A Smoky, Sexy Take on TV News
BBC America's The Hour premieres tonight
By Kimberley Jones, 3:49PM, Wed. Aug. 17, 2011
Despite early comparisons in the press between the two, the British miniseries The Hour, which premieres tonight on BBC America, isn't going to satisfy your hunger for Mad Men. But that doesn't mean there isn't plenty to recommend it.
Sure, the two shows share a vaguely similar mid-century aesthetic – think nattily dressed men clutching a cigarette in one hand and a highball glass in the other. (Well, and iced tea and toxic rain are both wet, but that doesn't exactly make them two peas in a pod.) Actually, they share another, more tangential quality: They're both about professionals who've made a career out of appealing to – and manipulating – an audience.
The Hour is set in 1956, as a group of radio journalists makes the rocky transition into the new medium of televised news programming. Romola Garai (a hard-working actress whose never quite lucked into a breakout role) stars as the producer of a new hourlong current events program. She's one leg in a slow-simmering love triangle with Freddy Lyon (Brideshead Revisited's Ben Whishaw), her volatile but brilliant reporter – a sort-of wisecracking anti-Man Friday – and Hector Madden (Dominic West, aka McNulty on The Wire) as the pretty face delivering the news, with maybe not quite the brainpower to back it up. Their show premieres right around the time of the Suez Canal crisis, and that developing story appears to have something to do with the murder of a uni professor and the subsequent suicide of a high-society deb. Ooh, and there's Burn Gorman (Torchwood's Owen Harper) skulking around, looking creepy.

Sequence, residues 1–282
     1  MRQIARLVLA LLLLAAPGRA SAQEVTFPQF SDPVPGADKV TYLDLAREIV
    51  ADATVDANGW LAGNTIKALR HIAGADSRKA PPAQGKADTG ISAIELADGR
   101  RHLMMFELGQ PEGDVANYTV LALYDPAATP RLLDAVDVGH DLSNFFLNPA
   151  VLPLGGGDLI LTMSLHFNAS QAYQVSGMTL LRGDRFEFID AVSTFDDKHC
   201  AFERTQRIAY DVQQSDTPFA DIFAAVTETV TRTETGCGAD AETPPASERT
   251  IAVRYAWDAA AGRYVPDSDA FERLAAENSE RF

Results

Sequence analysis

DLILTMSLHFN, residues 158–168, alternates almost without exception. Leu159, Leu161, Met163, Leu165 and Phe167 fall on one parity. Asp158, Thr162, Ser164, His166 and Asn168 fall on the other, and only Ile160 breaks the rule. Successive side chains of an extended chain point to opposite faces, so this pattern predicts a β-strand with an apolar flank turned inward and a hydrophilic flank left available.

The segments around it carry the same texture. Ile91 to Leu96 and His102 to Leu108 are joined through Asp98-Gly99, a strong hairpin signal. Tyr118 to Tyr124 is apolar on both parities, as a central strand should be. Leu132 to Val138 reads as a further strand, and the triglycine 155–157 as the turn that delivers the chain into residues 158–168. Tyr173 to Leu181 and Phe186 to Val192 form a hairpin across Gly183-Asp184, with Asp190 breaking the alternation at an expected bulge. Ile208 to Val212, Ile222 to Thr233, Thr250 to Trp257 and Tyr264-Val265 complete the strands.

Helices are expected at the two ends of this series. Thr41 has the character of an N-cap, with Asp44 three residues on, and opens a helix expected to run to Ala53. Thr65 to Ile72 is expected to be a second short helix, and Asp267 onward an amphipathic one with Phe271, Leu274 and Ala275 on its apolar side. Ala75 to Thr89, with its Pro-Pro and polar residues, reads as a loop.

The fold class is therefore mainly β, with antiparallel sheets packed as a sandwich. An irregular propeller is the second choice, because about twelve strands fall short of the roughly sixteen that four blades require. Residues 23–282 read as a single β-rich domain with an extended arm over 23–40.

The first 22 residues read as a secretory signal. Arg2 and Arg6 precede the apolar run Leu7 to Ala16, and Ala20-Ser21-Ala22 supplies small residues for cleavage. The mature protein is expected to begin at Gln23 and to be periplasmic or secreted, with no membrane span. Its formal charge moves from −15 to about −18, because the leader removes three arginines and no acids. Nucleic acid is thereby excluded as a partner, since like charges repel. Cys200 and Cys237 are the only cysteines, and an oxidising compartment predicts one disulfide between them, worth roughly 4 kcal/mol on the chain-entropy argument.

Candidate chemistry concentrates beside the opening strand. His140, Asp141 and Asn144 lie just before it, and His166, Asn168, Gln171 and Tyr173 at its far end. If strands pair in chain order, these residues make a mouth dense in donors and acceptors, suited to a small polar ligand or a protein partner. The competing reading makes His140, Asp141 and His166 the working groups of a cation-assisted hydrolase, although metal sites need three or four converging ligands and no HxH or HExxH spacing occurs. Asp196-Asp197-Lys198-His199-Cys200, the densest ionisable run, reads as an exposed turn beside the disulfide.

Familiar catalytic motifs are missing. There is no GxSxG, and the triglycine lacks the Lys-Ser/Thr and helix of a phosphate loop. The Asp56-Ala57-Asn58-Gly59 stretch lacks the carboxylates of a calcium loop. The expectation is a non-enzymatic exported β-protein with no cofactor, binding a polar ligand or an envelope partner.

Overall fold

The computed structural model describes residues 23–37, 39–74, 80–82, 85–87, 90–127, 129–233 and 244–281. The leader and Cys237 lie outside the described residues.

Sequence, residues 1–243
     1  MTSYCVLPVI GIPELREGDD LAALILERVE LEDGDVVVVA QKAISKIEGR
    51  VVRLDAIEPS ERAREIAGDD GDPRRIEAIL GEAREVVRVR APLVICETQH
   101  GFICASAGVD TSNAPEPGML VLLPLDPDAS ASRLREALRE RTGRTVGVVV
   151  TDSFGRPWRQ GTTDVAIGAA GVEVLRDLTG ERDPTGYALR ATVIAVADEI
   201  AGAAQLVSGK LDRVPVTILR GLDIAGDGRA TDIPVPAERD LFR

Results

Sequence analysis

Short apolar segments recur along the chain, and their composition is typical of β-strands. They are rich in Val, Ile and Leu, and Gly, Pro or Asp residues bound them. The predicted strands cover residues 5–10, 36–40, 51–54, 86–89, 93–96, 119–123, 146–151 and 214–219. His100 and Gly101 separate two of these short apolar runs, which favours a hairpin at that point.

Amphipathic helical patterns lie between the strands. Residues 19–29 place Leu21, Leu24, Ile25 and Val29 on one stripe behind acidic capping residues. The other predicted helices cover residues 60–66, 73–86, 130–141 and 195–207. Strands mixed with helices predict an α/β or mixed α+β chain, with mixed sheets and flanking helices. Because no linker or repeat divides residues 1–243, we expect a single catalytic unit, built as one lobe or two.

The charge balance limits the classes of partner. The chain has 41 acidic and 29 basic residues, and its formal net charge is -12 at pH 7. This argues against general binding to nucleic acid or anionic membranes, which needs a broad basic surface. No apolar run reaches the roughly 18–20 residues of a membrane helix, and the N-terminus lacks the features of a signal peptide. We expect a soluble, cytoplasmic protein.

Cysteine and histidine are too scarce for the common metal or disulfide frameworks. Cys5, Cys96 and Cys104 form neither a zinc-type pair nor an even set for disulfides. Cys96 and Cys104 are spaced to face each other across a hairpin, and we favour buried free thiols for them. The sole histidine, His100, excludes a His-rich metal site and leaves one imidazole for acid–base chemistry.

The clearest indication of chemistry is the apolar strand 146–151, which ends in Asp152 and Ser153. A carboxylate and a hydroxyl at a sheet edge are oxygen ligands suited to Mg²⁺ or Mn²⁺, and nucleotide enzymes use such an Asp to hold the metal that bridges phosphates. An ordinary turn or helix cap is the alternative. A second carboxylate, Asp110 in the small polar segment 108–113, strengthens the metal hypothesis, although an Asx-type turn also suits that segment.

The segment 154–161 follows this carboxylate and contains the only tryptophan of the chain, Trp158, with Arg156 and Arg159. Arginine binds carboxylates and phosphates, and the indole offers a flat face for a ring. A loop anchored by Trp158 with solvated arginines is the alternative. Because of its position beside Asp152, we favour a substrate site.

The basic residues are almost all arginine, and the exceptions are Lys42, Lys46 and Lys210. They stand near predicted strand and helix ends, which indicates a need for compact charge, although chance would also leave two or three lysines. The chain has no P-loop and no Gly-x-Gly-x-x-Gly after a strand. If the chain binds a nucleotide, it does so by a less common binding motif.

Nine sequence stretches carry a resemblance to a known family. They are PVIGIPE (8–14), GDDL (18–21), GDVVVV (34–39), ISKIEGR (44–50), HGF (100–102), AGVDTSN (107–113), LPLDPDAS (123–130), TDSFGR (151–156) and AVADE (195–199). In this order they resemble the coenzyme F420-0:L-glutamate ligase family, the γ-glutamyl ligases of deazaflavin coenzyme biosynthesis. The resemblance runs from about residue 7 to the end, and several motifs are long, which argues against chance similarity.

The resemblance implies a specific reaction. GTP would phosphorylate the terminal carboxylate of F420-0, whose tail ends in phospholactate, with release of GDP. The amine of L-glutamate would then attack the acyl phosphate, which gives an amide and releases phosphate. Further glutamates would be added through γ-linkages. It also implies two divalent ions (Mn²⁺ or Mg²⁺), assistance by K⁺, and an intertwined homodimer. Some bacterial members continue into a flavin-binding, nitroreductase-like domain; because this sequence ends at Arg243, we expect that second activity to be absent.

Created by Abi Morgan (who also wrote the script for the upcoming Margaret Thatcher biopic The Iron Lady), The Hour nicely nestles into the same sweet spot of so many UK miniseries exports, combining compelling human drama with a sustained thriller. And the three leads are swell, with a delectably kinky kind of charisma emerging in each leg of the triangle. The first episode's a bit of a slow starter, but keep watching: By the time I reached the end of the third episode – which was all that BBC America sent in advance – I howled out loud when I realized there were still three more episodes to go.
The Hour premieres tonight (Wednesday) on BBC America at 9pm. Don't have cable? The first episode is downloading for free right now on iTunes.